Staff Writer (Updated: 8/29/2016):
The Huey developed from advances made in turbine technology throughout the 1950's. Bell produced the turbine-powered Model 47 (XH-13F) in 1954 to which the United States Army took special interest in. The need for a MedEvac helicopter was on the US Army wish list and, as such, Bell was tagged with developing a solution - and the prototype XH-40 (Bell Model 204) was born. First flight of XH-40 occurred on October 22nd, 1956 and were followed by two additional XH-40 prototypes, fitting the Lycoming 700 horsepower XT-53-L-1 engine. A further six developmental models were then ordered as YH-40 evaluation aircraft. These were essentially the same as the XH-40 prototypes but had their cabin space extended a full 12-inches. One of these YH-40's was set aside as a test bed featuring turbofan engines and wing assemblies becoming Bell Model 533. The Model 204 entered production for the US Army as the HU-1A, becoming the first turbine-powered helicopter in service with any US military branch. First deliveries would fall to the 101st Airborne Division, the 57th Medical Detachment and the 82nd Airborne Division. The 57th Medical Detachment would be the first to field the system in Vietnam beginning in March 1962.
By all respects, design of the Huey was quite utilitarian although more pleasing to the eye that other rotary-wing offerings developed during the 1950s. Aircraft construction was comprised of the main fuselage housing the cockpit and passenger cabin (along with their associated systems and equipment), the engine and rotor mast section and the empennage, or tail section containing the tail rotor. The pilot and co-pilot were seated at the extreme forward of the design with a windowed cockpit providing excellent vision forward, above, to the sides and forward-below. Entry for either cockpit seating position was made through an automobile-style hinged door. The cabin featured a large sliding windowed door on either side of the fuselage for easy access (in most Vietnam-era pictures, these doors are almost always lest open). The single engine was mounted atop the rear portion of the crew cabin root with the rotor mast extending upwards forward of the engine. The rotor blades on initial models were simple two-blade arrangements with a rotor mast for added stability (the latest Huey version sports a four-blade rotor system). The engine exhausted rearwards over the base of the empennage. The tail section itself made up nearly half the length of the entire fuselage and featured horizontal fins about half-way down the tail section. The section ended with a single vertical fin adorned with the two-blade tail rotor system mounted to the portside (the latest Huey sports a four-blade tail rotor). The undercarriage consisted of a pair of fixed landing skids - braced in two areas - allowing for landing and take-off from just about any type of surface making it useful to both land and sea-based operators. Throughout its production run - with the exception of the twin-engine Huey - the base UH-1 Huey series would retain this unique and very identifiable design.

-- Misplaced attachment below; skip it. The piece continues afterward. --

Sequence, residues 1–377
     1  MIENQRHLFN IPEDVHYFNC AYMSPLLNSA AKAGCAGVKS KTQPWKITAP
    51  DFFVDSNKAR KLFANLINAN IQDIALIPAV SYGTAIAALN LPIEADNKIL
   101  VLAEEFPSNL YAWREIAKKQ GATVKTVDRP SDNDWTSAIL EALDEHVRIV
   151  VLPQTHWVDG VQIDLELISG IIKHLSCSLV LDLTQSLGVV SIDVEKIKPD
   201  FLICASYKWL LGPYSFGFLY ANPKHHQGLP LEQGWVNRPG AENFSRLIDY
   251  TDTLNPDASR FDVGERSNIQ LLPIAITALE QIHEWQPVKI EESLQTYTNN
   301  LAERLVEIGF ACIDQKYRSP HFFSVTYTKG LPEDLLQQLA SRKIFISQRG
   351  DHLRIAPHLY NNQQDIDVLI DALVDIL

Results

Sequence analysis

With its transport origins and inherently large cabin space, the Huey was designed from the outset to serve occupants in quantity. Passenger space was equivalent to 14 combat-ready troops. This arrangement could be supplanted by up to 6 medical litters when in the MedEvac role. The base crew could comprise 1 to 4 personnel as needed and depending on the role and equipment utilized.
The UH-1 airframe proved highly adaptable throughout its tenure, particularly when a showcase piece in the Vietnam War as helicopter gunships. Standard armaments included the use of pintle-mounted M60 7.62mm machine guns or specialized external mountings for dual 7.62mm miniguns mounts, 2-, 7-, or 19-shot 2.75" rocket pods and 7.62mm machine guns in quad-mountings. In the Vietnam War, US Army Hueys were dubbed "Cobras" when fitted with machine gun armament and "Hogs" when sporting rocket pods while unarmed Hueys became "Slicks" (similarly, the USN and USMC called their transports "Dolphins" and their gunships "Sharks"). Many other weapon arrangements were trialed with the Huey airframe throughout the Vietnam War resulting in a plethora of experimental systems with a laundry list of x-type designations. These trials included the use of air-to-surface missiles, 7.62mm minigun gun pods, 20mm and 30mm cannon armament, mine dispensers, heavy caliber 12.7mm miniguns and 40mm grenade launchers. In all, the series was already proving its adaptability to just about any role imaginable even though many of these impressive armament arrangements were never accepted into any official role.